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Cooking with a cast iron pan isn’t always intuitive. But once you get it right, it can perfect your favorite meals.
Sisig comes from the Pampanga region of the Philippines on the island of Luzon. It’s a tapas-like pork belly dish that’s typically served with an ice-cold drink or beer, making it perfect for the warm weather.
“Cast iron skillets are a little less smooth than nonstick cookware,” Sakdalan explains. “This cast iron skillet has superior heat retention and will keep your food longer warmer.”
That makes it perfect for not only cooking your dish but serving it too. And it does a lot more good than that.
“Fun fact: Cooking in an iron skillet can actually increase the iron content of the food by as much as 20 percent,” she says.
To make the dish, Sakdalan boils chopped pork belly for around 30 to 40 minutes. She pours vegetable oil into a skillet then adds the cool and dry pork belly, cooking until it until it is brown and crispy.
When the pork belly is nice and crispy, Sakdalan adds chopped onions and garlic. She lets it cook down in the oil and pork fat for a few minutes. This oil and pork fat will add to the overall “seasoning” of the cast iron. But what exactly does that mean?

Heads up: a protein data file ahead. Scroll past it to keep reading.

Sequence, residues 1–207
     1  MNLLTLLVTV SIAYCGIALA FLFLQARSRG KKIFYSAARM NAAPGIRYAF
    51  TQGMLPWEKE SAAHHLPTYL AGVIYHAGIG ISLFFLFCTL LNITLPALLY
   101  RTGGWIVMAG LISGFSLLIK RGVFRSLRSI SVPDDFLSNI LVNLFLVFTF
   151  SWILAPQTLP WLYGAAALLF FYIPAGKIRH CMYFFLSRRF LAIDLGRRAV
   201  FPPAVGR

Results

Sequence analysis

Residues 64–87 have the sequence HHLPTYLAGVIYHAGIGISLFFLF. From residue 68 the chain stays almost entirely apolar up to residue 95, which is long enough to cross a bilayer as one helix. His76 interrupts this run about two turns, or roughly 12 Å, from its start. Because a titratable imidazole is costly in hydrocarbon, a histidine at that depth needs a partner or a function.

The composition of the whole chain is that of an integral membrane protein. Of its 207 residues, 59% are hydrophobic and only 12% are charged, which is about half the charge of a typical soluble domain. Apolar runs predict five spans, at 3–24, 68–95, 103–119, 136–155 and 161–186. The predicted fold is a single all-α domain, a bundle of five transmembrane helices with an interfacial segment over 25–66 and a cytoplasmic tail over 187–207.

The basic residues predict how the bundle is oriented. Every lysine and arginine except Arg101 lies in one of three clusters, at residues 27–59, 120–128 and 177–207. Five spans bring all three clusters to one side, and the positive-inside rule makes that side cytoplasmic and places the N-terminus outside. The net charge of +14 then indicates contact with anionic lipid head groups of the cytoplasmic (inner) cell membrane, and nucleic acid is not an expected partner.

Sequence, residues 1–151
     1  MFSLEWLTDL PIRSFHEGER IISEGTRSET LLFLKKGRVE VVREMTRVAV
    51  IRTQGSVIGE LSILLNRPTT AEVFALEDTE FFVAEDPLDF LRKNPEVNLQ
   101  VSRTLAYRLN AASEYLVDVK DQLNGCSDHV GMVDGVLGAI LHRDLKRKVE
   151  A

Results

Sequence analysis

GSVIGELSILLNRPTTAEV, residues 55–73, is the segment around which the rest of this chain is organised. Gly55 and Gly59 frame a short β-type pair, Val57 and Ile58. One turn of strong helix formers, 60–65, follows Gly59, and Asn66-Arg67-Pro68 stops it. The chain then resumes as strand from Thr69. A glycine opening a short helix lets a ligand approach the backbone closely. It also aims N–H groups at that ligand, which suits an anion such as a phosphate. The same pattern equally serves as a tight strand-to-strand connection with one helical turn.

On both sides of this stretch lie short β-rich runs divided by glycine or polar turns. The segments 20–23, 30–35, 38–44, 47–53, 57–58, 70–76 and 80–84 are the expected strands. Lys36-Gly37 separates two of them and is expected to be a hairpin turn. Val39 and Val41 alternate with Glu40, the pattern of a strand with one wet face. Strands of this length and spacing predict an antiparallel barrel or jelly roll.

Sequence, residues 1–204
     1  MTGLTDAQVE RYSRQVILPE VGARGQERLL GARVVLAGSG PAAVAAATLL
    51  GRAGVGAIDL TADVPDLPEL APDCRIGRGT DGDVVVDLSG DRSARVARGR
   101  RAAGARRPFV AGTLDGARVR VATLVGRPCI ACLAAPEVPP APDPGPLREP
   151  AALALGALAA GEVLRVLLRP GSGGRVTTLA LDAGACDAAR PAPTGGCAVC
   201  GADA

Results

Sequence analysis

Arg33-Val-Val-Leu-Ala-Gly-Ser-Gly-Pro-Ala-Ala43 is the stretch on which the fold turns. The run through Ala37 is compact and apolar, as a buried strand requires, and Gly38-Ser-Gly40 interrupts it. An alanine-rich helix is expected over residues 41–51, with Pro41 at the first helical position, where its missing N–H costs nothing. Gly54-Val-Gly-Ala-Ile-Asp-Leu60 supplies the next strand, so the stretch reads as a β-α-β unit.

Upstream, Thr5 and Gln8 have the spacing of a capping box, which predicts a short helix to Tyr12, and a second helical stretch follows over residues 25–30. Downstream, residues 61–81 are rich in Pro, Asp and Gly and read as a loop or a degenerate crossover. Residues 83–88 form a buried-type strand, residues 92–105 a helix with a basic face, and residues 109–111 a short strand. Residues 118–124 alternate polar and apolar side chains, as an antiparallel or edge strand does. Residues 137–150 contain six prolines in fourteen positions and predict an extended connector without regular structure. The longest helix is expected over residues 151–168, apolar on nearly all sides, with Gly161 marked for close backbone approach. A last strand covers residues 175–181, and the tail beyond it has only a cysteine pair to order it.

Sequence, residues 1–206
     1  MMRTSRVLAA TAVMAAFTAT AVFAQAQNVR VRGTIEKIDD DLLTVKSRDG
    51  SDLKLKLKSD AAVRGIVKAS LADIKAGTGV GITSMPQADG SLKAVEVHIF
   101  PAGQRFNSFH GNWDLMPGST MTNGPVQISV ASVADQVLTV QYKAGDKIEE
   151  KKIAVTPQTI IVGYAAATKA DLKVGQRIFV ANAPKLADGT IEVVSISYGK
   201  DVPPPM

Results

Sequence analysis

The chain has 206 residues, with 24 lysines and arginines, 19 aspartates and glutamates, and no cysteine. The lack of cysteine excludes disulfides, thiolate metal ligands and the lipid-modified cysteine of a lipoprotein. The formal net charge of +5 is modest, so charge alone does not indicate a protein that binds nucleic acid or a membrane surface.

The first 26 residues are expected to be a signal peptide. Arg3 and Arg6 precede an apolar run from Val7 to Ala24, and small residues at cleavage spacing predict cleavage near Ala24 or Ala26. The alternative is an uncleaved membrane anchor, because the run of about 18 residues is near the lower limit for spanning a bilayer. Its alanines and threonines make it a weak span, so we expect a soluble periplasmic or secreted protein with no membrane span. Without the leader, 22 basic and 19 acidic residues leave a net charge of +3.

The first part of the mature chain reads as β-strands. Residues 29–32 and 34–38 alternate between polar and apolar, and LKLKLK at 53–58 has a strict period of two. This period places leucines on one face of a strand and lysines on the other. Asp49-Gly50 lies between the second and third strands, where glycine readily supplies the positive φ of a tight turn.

“Seasoning equals flavor,” she explains. “Pre-seasoning your pan means allowing a natural build-up of oils to get on the outside of the pan so you get a naturally nonstick surface — and you get all this flavor and oil build-up that helps you as you’re cooking.”
To complete the sisig, Sakdalan adds liver paste, lemon juice, soy sauce, ginger and spicy green chilies. Then she stirs the ingredients together. To finish things off she tops the dish with scallions and serves it in the sizzling skillet.
“We wouldn’t have gotten this flavor or texture without a cast iron skillet,” Sakdalan says.
If you don’t yet own a cast iron pan, check out these top-rated options to get in on the hype.
Lodge Pre-Seasoned Cast Iron Skillet, $17.90 (Orig. $26.68)
If you enjoyed this story, read about how to make healthy popsicles at home.
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